Should young workers be paid the National Living Wage?

resize apprentice

Is it discrimination to pay an employee less because of their age? The Young Women’s Trust (YWT) believe so, arguing that the Equality Act 2010 “outlaws discrimination against people with Protected Characteristics” and since age is included within these characteristics, young workers are being unfairly underpaid, according to The YWT.

The charity argues that young workers being paid less than the National Living Wage is not in line with the principles of the Equality Act, and is poorly explained away with the justification that lower pay encourages employers to hire young workers, thereby reducing youth unemployment.

However, this argument is weak according to Holly Lynch, Labour MP for Halifax. She argues that “The House of Commons Library has confirmed that to recruit workers on the basis of their age would constitute direct age discrimination”. The charity believes that some young workers are losing up to £6,279 of deserved wages despite performing the same role as older colleagues.

In addition, there is less support for younger workers if they are out of work. For instance, under 25’s get £66.05 less Universal Credit each month, or £15 less Jobseeker’s allowance each week, than those over 25 Universal Credit has recently been scrapped for those aged 18-21, despite rent being no cheaper for different age groups. The YWT argue that this could cause masses of debt or even homelessness.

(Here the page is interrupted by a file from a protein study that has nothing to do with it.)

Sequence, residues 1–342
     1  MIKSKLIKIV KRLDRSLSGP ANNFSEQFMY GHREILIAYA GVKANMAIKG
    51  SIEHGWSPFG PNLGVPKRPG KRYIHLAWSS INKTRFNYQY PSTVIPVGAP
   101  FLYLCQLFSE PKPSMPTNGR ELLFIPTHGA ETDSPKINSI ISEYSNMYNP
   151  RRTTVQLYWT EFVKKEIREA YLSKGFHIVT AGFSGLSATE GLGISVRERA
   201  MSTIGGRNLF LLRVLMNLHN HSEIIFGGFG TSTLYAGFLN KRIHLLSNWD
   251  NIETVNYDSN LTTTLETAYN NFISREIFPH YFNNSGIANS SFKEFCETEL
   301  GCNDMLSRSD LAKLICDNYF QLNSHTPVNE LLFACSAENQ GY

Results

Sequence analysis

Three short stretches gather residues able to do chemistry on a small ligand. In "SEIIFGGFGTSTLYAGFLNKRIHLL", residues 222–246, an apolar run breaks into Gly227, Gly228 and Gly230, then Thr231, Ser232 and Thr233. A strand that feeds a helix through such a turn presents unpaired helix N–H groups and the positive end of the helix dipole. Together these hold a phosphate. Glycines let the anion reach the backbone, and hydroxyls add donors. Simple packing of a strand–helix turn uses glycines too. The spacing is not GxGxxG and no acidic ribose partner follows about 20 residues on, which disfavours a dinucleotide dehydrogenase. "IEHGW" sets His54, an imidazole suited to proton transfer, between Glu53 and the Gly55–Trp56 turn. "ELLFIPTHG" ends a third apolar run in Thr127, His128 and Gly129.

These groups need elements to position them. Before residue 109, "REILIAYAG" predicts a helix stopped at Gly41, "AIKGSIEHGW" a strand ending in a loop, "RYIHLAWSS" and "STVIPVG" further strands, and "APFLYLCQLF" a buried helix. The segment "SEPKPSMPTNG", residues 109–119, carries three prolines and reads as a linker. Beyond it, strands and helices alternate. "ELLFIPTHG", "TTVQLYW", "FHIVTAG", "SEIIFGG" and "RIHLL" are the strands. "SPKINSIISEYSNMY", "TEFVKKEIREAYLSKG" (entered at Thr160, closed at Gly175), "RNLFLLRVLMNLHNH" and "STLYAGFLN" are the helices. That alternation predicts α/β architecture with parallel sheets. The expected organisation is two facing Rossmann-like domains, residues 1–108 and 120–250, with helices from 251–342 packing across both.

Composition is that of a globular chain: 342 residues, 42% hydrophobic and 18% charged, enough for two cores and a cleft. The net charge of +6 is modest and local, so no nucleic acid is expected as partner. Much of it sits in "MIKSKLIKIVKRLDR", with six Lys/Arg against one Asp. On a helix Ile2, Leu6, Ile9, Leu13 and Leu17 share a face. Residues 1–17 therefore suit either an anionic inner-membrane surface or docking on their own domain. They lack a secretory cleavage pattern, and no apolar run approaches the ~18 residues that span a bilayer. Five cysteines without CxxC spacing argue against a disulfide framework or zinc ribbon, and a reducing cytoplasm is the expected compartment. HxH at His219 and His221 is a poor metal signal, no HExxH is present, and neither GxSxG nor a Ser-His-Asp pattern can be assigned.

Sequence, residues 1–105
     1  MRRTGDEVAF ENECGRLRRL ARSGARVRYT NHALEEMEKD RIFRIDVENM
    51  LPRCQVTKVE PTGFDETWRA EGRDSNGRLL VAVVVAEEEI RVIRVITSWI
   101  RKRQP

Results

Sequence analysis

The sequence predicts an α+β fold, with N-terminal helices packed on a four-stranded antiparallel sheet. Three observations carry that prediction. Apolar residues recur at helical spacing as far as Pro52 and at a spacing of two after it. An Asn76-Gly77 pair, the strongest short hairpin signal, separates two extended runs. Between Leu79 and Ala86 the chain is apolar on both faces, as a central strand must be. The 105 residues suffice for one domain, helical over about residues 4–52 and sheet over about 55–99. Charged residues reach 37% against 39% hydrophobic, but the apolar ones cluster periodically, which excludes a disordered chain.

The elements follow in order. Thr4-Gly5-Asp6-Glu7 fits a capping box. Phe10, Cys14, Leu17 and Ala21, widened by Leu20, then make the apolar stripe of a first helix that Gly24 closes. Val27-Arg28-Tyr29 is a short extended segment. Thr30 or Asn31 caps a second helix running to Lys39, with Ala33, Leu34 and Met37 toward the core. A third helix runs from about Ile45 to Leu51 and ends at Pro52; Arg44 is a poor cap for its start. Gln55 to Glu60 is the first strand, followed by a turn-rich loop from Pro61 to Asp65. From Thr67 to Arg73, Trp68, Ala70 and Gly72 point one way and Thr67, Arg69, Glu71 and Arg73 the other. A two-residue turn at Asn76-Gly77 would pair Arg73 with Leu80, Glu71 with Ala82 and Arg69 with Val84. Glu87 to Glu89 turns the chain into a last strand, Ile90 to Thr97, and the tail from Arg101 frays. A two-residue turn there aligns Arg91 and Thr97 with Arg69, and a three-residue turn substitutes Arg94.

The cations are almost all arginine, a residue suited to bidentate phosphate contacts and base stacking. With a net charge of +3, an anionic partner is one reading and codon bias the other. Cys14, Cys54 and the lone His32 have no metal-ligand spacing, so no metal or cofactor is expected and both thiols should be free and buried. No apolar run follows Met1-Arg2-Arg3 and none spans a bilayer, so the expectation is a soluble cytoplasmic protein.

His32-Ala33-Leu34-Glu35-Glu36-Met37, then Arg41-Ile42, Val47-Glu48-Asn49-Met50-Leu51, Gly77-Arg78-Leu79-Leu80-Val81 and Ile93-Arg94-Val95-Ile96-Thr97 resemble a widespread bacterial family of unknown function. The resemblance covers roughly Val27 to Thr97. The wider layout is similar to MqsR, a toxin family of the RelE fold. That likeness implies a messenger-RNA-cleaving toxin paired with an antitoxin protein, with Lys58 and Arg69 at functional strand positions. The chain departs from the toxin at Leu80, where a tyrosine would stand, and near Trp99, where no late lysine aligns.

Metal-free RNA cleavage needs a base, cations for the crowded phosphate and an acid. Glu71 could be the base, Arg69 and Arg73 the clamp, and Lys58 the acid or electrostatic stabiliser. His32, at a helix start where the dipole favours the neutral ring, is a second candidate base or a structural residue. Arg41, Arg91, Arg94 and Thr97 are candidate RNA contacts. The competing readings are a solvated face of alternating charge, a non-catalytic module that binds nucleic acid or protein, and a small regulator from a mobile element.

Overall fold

Age Discrimination

As shown in the table above, the pay for apprentices is the lowest for British workers. An employer can pay an apprentice as little as £3.50 an hour. 75% of those asked in the YWT/YouGov Survey claim that the National Minimum Wage for Apprentices is “too little for them to live off”. The YWT also believe that because employers do not pay national insurance contributions for apprentices under the age of 25, or anyone under the age of 21, they are already making a saving and should therefore increase their wages.

What about Apprentices?

The Federation of Small Businesses also stand by the apprentices here, by insisting that a higher AMW (Apprentice Minimum Wage) “will help to boost the attractiveness of the apprenticeships as a career option” and that the Government should be attempting to steadily close the gap between minimum wage for under 18’s and AMW.

Where do employers stand on young workers receiving the National Living Wage?

According to YWT/YouGov Survey, 4 out of 5 (79% of those surveyed) employers agree that young workers should be paid the same as those over 25. 80% of employers similarly claim that young people make a bigger or the same contribution as employees aged 25+. The YWT firmly believes that the rate of pay for young staff will increase office morale, productivity and prevent a high turnover of staff.

Employers were also asked ‘’what would benefit workers under-25 the most?’’, and the top answer amongst those asked was “being entitled to the National Living Wage on the same basis as 25-year-olds”. 44% of the same group went so far as to say that raising the pay for under-25s was a top priority. Regardless of these comments, only one in eight employers were even aware that there was a disparity between workers of different ages at all.

Let us know your thoughts, do you think that we should pay all workers the National Living Wage? Or is age representative of experience and young workers should be paid less than their older colleagues?